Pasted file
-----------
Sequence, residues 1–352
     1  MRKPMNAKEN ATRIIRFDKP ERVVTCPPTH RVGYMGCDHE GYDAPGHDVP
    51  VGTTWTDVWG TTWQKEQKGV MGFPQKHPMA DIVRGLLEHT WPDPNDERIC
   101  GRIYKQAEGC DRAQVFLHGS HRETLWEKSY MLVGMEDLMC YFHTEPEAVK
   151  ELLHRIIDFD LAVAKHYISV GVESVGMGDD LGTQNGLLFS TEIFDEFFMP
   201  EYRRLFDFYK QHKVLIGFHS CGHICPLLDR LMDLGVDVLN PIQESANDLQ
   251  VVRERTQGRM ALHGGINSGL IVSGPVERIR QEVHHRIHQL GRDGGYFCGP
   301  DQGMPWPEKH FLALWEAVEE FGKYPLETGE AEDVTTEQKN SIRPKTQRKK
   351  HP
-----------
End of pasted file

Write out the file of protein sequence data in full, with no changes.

Sequence, residues 1–352
     1  MRKPMNAKEN ATRIIRFDKP ERVVTCPPTH RVGYMGCDHE GYDAPGHDVP
    51  VGTTWTDVWG TTWQKEQKGV MGFPQKHPMA DIVRGLLEHT WPDPNDERIC
   101  GRIYKQAEGC DRAQVFLHGS HRETLWEKSY MLVGMEDLMC YFHTEPEAVK
   151  ELLHRIIDFD LAVAKHYISV GVESVGMGDD LGTQNGLLFS TEIFDEFFMP
   201  EYRRLFDFYK QHKVLIGFHS CGHICPLLDR LMDLGVDVLN PIQESANDLQ
   251  VVRERTQGRM ALHGGINSGL IVSGPVERIR QEVHHRIHQL GRDGGYFCGP
   301  DQGMPWPEKH FLALWEAVEE FGKYPLETGE AEDVTTEQKN SIRPKTQRKK
   351  HP